A small sign saying “SHELTER” emerged from the fog and I nearly ran the .4 miles to the tiny structure that would be my home for the night. Two men from the previous night were already there and we were talking about the cold and rain that were supposed to get worse. Another hiker arrived and decided to set up a tent, then another, then two more. Five of us would sleep on the platform of the shelter and one would sleep on the picnic table, also inside. The wind continued howling and everyone worked to string up tarps over the openings to shield us from the elements and provide warmth.

TRAIL MAGIC!

Soon we noticed another hiker, someone unfamiliar, heading down the trail toward us. He’d climbed up and over Blood Mountain from the difficult side and had come to bring fresh fruit and candy. A former thru-hiker from 2018, trail name Dine and Dash, played a beautiful song on ukulele while we ate dinner and tried to keep warm. I’ve heard many stories of trail magic, but have never experienced it myself. The fact that another hiker would come out in this weather just to bring smiles and fruit to those who’d just gotten on trail really touched my heart. After we’d asked him lots of questions about his thru hike, he went back into the weather to head home for the night. I keep thinking about him, feeling thankful that we met. I don’t think I’ll ever forget his kindness. Something as simple as an apple and a song can turn a hard day into a blessed one.

BLOOD MOUNTAIN

The night was cold and I didn’t sleep very much as the rain pounded on the tin roof of the shelter. We all woke up at the same time and frantically packed our gear, wanting to get moving before the cold set into our bones. When we stepped out from behind the tarps, blue sky appeared and pink clouds were sitting atop peaks that we could see through the trees. It was going to be a clear day!!! We’d get views on Blood Mountain!

The highest peak on the GA section of the AT did not end up having the worst climb. My muscles were tired, but imagining the views from the top kept me going. They did not disappoint!

NEELS GAP – MOUNTAIN CROSSINGS

Leaving the mountain was hard. I wanted to stay and enjoy the hard-earned vistas, but Neels Gap was calling. The Mountain Crossings outfitter store sits right on the AT and is a welcome stop for hikers who want a shower, resupply, or gear upgrades. They make a ton of money helping hikers trade out heavy gear and offer a free pack shakedown to help eliminate unnecessary items. The day we were there the showers weren’t working, so those who had been planning to stay there decided to head on. I bought a t-shirt, a sticker, and Reese’s Peanut Butter Cups.

Neels Gap also has the distinction of being the spot where one third of thru hikers quit. The fact that I’d made it here and was planning to continue felt SO AMAZING. Another milestone. Another reminder that maybe I’m stronger than I think I am sometimes. Even though today was my last day on trail for this section, I was continuing on another 7.1 miles to Hogpen Gap where I would meet a shuttle driver who would take me back to my car at Amicalola. The climb out of Neels Gap seemed to go on forever, but food and candy was giving me the extra boost needed to get to the top.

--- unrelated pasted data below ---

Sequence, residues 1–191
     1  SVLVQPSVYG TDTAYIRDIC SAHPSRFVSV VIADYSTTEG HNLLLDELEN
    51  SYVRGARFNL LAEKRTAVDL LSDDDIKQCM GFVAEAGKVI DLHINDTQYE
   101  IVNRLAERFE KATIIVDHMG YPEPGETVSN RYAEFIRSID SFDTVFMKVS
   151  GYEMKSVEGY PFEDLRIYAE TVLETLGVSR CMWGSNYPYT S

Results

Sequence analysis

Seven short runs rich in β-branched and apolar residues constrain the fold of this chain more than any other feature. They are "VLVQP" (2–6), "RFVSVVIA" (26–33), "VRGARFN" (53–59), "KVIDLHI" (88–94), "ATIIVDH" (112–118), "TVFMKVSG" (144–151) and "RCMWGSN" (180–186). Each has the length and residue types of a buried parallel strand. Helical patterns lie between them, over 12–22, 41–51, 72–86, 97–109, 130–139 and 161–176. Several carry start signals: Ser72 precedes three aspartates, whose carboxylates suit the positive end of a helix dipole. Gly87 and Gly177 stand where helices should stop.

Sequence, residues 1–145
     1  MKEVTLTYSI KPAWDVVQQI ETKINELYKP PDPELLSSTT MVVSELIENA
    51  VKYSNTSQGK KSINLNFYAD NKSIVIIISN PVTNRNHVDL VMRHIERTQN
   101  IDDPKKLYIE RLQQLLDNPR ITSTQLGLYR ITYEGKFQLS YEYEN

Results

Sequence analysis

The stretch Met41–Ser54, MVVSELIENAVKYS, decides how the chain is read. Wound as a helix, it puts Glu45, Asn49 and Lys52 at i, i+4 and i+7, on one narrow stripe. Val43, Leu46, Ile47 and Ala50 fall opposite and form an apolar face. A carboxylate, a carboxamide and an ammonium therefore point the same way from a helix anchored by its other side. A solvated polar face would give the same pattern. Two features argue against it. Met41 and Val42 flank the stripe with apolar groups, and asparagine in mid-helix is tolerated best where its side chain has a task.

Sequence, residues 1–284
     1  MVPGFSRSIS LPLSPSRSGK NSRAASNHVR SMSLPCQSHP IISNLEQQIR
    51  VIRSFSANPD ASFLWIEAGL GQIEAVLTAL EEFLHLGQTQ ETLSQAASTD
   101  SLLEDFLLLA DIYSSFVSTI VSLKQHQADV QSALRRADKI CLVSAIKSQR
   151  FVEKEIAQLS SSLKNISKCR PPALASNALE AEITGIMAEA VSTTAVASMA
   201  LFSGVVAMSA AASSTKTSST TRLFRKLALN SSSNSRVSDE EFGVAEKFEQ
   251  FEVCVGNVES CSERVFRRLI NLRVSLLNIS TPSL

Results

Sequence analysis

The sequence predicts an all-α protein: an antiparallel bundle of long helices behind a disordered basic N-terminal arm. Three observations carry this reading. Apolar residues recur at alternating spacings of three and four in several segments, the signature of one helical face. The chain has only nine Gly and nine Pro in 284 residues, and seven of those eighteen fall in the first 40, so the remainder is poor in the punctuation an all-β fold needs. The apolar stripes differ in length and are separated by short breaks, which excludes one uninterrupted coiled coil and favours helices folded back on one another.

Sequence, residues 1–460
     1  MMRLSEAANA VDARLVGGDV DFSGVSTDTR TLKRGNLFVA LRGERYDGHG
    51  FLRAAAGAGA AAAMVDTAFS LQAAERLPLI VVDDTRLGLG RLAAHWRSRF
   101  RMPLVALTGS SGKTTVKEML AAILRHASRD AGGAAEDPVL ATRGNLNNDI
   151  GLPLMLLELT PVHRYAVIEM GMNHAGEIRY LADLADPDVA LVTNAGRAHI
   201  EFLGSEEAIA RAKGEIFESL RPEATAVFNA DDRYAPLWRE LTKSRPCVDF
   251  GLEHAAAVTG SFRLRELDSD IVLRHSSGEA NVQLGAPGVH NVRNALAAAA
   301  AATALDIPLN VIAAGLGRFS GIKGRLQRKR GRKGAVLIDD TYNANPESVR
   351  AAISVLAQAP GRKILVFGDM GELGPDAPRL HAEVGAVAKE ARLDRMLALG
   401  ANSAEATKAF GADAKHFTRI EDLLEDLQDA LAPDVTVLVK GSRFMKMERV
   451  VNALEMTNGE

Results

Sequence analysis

TO HOGPEN GAP

Once again, thankful the sun was shining! This ended up being a gorgeous section of trail, traversing ridge lines, providing views through the trees of mountains on all sides. There are several places to stop and take pictures or camp along the way. I’d set a time to meet my driver and felt compelled to press on as quickly as I could, stopping briefly to breathe and absorb the beauty of each view before dashing on.

There are still several climbs along the way here, but in the last 1.5 miles when I started descending, I was sure I was heading into Hogpen Gap. As I neared the bottom of a very steep hill, I looked ahead to see a white blaze on the other side of a small parking lot nestled below another enormous hill directly in front of me. SHIT! You have to be kidding me!!! I was dying. I couldn’t believe this. I’d been hiking as quickly as I could, thinking I was close to the end, but here I was faced with another ridiculous climb. I swore, ate some more candy and started telling myself, “I can do this. I can DO this!” Well, I don’t know if it was in my head or not, but the climb out of Whitley Gap felt like the hardest one I’d done in the four days I’d been out so far. There are a ton of switchbacks that keep going until you think you’re going to die. I had to stop at the end of every one, breathe, and force myself to continue. So close to the end. SO CLOSE! UGH!! Don’t let anyone tell you this is isn’t hard. As awesome as it is to be out in the woods, walking along the AT, it is so hard at some points.

Finally, I made it to the top, raced along the summit, and navigated the descent as nimbly as possible until I could see the parking lot where my driver was waiting. Seeing him there, knowing I’d accomplished the goal of this first section, brought so much happiness. This is only the beginning.

When we got back to Amicalola Falls, the man who drove me kindly offered to take some pictures by the beginning of the other Approach since I’d missed it when I started. He really was the sweetest man, and I loved talking with him on the ride back.

When we were done I headed up to the top of the falls to take in the view that was obscured by fog a few days before. Magnificent. If so much beauty exists at the start, what must the rest of the way be like?

Related posts:

AT Journals: Things I Learned On My Appalachian Trail Shakedown Hike

Life Lessons Learned On The AT: Clingman’s Dome to Cades Cove